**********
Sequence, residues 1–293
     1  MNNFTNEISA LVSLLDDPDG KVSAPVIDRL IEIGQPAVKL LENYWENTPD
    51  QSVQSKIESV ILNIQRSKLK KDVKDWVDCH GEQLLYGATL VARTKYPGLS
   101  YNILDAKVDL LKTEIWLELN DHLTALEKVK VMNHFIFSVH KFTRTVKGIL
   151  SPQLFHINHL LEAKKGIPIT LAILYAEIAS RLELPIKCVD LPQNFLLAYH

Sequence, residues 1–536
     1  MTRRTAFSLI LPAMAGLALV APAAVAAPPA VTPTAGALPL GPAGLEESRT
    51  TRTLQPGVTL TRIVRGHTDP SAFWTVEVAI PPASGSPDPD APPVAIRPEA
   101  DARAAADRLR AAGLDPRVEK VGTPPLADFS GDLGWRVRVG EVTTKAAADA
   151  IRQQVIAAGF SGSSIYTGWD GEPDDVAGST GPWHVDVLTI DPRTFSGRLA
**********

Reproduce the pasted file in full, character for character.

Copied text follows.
Sequence, residues 1–293
     1  MNNFTNEISA LVSLLDDPDG KVSAPVIDRL IEIGQPAVKL LENYWENTPD
    51  QSVQSKIESV ILNIQRSKLK KDVKDWVDCH GEQLLYGATL VARTKYPGLS
   101  YNILDAKVDL LKTEIWLELN DHLTALEKVK VMNHFIFSVH KFTRTVKGIL
   151  SPQLFHINHL LEAKKGIPIT LAILYAEIAS RLELPIKCVD LPQNFLLAYH

Sequence, residues 1–536
     1  MTRRTAFSLI LPAMAGLALV APAAVAAPPA VTPTAGALPL GPAGLEESRT
    51  TRTLQPGVTL TRIVRGHTDP SAFWTVEVAI PPASGSPDPD APPVAIRPEA
   101  DARAAADRLR AAGLDPRVEK VGTPPLADFS GDLGWRVRVG EVTTKAAADA
   151  IRQQVIAAGF SGSSIYTGWD GEPDDVAGST GPWHVDVLTI DPRTFSGRLA